In Lab 5, you experimented with code that generated a random walk. The analogy was that of an inebriated person taking randomly-directed steps, with the resulting path being displayed on the graphics screen. The exercises for this lab also involve a random walk but with some important differences:
Once you have added the appropriate code and tested it, save a copy of the alleyWalk function in the Lab6 document. Then, make each of the following calls 5 times and report the number of steps required for each walk.
How consistent are the numbers that you obtained for each goal distance? Are the numbers more or less consistent when the goal distance is increased? Try to explain why.
As was the case with the two-dimensional random walk from Lab 5, the expected number of steps required by a one-dimensional random walk is known: on average, it takes roughly D2 steps to reach a goal distance of D from the start position. Do the numbers you obtained support this estimate? Explain.
Since the expected number of steps required by an alley walk is the square of the goal distance, it follows that if you double the goal distance, the expected number of steps goes up by a factor of 4. Do your numbers support this expectation? Explain.
As you probably noticed, there can be large variations in the numbers of steps required for random walks. For example, a sequence of nothing but heads will result in the shortest possible walk, while a sequence of alternating heads and tails will get you nowhere. If you perform only a few simulations, extreme cases such as these may occur and skew your results. By simulating a large number of random walks and averaging the results, however, rare cases such as these have minimal impact on the final average. The average number of steps taken over a large number of random walks should consistently approach the expected value.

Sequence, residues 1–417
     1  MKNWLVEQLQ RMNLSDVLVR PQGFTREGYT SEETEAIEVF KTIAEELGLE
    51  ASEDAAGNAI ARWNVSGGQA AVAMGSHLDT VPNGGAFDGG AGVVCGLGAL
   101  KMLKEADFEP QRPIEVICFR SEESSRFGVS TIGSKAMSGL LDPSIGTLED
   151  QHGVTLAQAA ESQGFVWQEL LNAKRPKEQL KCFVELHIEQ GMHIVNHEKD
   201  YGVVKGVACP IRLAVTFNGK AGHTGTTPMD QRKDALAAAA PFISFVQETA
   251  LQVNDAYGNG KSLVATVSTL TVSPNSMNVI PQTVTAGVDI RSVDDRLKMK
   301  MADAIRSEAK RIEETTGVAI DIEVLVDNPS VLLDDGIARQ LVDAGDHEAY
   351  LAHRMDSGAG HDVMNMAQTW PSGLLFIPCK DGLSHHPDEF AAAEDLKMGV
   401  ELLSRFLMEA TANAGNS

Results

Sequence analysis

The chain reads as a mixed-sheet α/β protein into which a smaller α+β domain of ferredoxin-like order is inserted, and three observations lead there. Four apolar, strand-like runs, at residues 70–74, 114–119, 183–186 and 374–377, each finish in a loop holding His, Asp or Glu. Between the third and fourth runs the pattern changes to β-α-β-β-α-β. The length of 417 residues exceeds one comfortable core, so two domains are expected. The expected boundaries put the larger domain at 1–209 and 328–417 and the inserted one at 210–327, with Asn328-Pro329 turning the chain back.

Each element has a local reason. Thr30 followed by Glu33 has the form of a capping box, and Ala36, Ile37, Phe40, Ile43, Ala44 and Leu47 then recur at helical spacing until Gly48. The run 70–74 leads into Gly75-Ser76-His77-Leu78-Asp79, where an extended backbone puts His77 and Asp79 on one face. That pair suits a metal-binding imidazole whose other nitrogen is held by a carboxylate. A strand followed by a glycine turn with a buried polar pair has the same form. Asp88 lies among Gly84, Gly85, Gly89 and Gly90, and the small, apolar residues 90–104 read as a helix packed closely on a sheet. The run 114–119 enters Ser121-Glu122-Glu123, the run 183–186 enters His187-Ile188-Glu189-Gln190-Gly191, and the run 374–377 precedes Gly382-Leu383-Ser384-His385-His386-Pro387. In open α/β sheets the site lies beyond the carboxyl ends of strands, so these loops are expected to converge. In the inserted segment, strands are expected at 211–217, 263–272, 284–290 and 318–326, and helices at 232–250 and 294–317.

Clearly, simulating each random walk separately and averaging the results yourself is not an attractive option when the number of desired simulations is large. Instead, you would like to automate the simulations, using a variable to keep track of the total number of steps taken by the walks, which could then be used to compute the average.
Make the following two modifications to the alleyWalk to allow for automation of the random walk simulations.
Once you have modified the alleyWalk function to return the number of steps taken by a walk, you can use the following code to perform numerous simulations and average the number of steps taken.
Does increasing the number of walks increase the consistency of the average? Should it?
Do the results of these experiments support your earlier statements regarding the consistency of the numbers when the goal distance is increased?
Do these result come close to the expected number of steps per walk (goal distance squared)? Correspondingly, does doubling the length of the walk increase the number of expected steps by a factor of 4?
Now consider a variation of the alley walk which takes place in a dead-end alley. The person starts out at the wall, and can only exit at the other end. If he is against the wall and takes a step in that direction, he merely bumps into the wall and stays where he is. At any other place in the alley, however, he is free to move in either direction as before.
Modify your alleyWalk function to match the above dead-end scenario. That is, the walker should behave exactly as before, except in the case where it is up against the wall (position 0) and flips "tails". In this case, the walker's position should remain unchanged, although this should still count as a step.
In order to test your modified function, you might find it useful to temporarily uncomment the write statement. By doing so, you can trace the movement of the walker and verify that it behaves as desired. Once you have done this, you can comment out the write statement again.
Save a copy of your modified alleyWalk definition in the Lab6 document.
Using your modified alleyWalk function, perform the same series of experiments as in Exercise 5. That is, execute the averaging code 5 times each for the following values, and list your results below:
Hand in a printout of the Lab6 document, attached to these sheets.